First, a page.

Rutter wins top award for archaeology work
By James Peng, The Dartmouth Staff
Published on Tuesday, July 3, 2012
After over 30 years at the College, classics professor emeritus Jeremy Rutter will receive the Archaeological Institute of America’s 2013 Gold Medal for Distinguished Archaeological Achievement. Rutter, who has been a professor at the College since 1976, retired from his teaching position at the end of Spring term.
The Gold Medal is awarded at the Archaeological Institute of America’s annual January meeting to a scholar who has “made distinguished contributions to archaeology through his or her fieldwork, publications and/or teaching,” according to the AIA’s website. Rutter will receive the award at the AIA’s meeting in January 2013.
“It came as a huge surprise to me,” Rutter said. “To have this happen is a dream come true.”
Rutter, who is an archaeologist specializing in pottery from the Bronze Age, has worked on dozens of excavations in Greece since arriving at the College and has published numerous works on Minoan and Mycenaean pottery.
Rutter’s research involves synthesizing ancient civilizations’ histories from thousands of pottery fragments found at excavations, he said.
“It’s like a gigantic multi-dimensional crossword puzzle,” Rutter said. “You can only see bits and fragments and you are never going to find all the pieces.”
Much of the information from the Bronze Age, which lasted from 3200 to 1000 B.C., is based on a researcher’s individual interpretation because there is not enough evidence to confirm all the facts, according to Rutter.
“The more you know about a particular period, the less freedom you have to reconstruct things,” he said. “The further you go back in time, the more your imagination can grow.”
The unknown can be frustrating for some archaeologists, however, since they have to make inferences without a lot of evidence.
“You just have to take a lot of educated guesses,” Rutter said. “Clear answers to complicated questions are hard to come by.”
Rutter, who knows English, Latin, Greek, French, Italian and German, said the necessity of understanding multiple languages in order to communicate with other archaeologists can be “annoying” to people in the field.
The field of archaeology appeals to him because he never knows what artifacts he can expect to find in an excavation, Rutter said.
“The appeal of archaeology in the larger population is that we all have been kids and have experienced playing in a sandbox, running around and finding something cool in the dirt,” he said. “Some of the stuff you find in archaeology is amazing.”
He cited an occasion when one of his students was digging on an excavation site where experienced archaeologists had already worked for several months. Immediately after starting, the student discovered a perfectly preserved gold ring dating from around 1500 BC.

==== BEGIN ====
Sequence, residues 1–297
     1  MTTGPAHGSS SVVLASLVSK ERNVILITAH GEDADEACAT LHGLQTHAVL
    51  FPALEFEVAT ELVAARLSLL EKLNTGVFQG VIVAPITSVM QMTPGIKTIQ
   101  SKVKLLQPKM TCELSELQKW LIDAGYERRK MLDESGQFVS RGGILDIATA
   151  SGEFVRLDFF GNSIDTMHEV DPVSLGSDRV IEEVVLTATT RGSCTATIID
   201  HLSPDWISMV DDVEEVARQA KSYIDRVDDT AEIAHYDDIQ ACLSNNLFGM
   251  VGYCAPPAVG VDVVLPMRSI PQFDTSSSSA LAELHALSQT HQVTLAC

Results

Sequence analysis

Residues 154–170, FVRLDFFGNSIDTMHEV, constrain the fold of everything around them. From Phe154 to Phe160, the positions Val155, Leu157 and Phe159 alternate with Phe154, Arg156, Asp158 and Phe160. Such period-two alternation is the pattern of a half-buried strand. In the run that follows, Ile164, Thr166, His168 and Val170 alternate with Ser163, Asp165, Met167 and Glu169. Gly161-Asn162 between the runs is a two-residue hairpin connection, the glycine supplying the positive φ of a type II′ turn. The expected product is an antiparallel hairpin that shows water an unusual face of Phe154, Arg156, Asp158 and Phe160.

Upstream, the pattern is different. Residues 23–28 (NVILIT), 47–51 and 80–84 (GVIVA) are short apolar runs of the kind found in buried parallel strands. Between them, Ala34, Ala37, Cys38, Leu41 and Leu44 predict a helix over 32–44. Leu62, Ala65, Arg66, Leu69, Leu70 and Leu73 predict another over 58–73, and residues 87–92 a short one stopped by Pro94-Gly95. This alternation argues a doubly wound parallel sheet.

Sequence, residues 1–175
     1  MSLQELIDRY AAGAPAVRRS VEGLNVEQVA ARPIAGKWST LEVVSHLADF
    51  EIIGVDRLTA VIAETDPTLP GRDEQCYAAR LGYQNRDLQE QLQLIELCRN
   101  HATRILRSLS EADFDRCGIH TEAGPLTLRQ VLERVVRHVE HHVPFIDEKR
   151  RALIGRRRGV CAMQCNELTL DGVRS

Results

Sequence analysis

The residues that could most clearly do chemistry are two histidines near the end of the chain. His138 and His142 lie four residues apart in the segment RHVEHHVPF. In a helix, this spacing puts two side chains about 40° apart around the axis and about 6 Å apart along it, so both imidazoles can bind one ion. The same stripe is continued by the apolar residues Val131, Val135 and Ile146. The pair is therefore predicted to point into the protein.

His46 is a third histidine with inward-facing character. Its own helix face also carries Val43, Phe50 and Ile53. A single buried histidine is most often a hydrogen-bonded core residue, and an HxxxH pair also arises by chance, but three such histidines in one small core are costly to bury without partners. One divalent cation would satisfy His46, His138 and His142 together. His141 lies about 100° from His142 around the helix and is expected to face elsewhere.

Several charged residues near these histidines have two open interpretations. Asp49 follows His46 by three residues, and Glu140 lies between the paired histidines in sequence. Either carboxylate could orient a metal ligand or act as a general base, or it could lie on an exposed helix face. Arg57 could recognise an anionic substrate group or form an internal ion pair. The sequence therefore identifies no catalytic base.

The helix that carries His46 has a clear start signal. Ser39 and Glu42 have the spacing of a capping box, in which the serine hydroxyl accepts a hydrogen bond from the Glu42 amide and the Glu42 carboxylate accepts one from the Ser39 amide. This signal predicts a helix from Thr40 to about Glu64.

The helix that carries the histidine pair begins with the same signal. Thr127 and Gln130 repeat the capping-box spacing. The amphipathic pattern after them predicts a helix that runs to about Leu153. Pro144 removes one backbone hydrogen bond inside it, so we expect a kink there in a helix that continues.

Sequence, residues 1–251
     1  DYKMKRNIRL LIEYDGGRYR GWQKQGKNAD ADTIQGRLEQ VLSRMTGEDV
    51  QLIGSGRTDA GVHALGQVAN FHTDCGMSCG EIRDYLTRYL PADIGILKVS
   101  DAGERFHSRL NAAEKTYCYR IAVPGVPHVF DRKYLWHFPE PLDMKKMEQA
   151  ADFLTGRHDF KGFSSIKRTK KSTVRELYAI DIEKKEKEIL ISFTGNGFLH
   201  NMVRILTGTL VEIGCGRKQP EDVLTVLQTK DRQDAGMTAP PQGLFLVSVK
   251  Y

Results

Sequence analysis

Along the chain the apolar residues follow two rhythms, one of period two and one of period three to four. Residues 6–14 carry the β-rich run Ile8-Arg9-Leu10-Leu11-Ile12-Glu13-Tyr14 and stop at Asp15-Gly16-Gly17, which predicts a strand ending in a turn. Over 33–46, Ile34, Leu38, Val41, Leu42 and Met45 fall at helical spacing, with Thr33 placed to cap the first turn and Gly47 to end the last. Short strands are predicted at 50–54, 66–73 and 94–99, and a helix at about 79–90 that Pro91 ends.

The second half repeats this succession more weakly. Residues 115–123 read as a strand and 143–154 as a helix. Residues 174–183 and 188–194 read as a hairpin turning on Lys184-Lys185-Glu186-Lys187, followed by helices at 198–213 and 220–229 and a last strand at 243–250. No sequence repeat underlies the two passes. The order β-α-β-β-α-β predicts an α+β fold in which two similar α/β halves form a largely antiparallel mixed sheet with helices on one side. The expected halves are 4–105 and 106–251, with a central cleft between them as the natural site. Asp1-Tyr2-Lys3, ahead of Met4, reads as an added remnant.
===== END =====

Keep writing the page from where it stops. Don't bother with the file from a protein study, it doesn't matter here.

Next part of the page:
Rutter, who coordinated the classics Foreign Study Program to Greece several times during his tenure at the College, said he has always enjoyed working with and teaching Dartmouth students.
“I’ve never been educated on how to teach, so basically I just tried to imitate what struck me as great teaching,” he said. “I tried to get students to play the role of archeologist. I never want students to memorize a great deal of information, but instead give them a research problem, and with a little bit of training, get them into it and start working on it.”
Elizabeth Neill ’13, who will complete a thesis next year under Rutter, said that his teaching is different from that of most professors at the College.
“You definitely have to be prepared for class, and it’s not a lecture class,” she said. “He will ask a question and expect someone to respond, which is great because you actually have to think.”
Neill participated in the classics FSP to Greece with Rutter and said that conversation topics with him would range from “Greek archaeology to the different types of meatballs on a menu,” she said.
Classics professor and department chair Roger Ulrich ’77, one of Rutter’s first students, said that Rutter is a very hard worker and compared working with him to “running a marathon and taking notes while you’re participating.”
“Everyone knows of Jerry and his work, and I can’t imagine a more worthy person to get this award than him,” Ulrich said.
Rutter graduated from Haverford College in 1967 and obtained his PhD in classical archaeology from the University of Pennsylvania in 1974.
This fall, he will work in the Peloponnesian province of Achaea, Greece researching a historic site called Aigeira with an Austrian archeological team.
“I never had to get out of the sandbox,” Rutter said about his career. “I’m still there, finding amazing stuff, and it’s a thrill all the time.”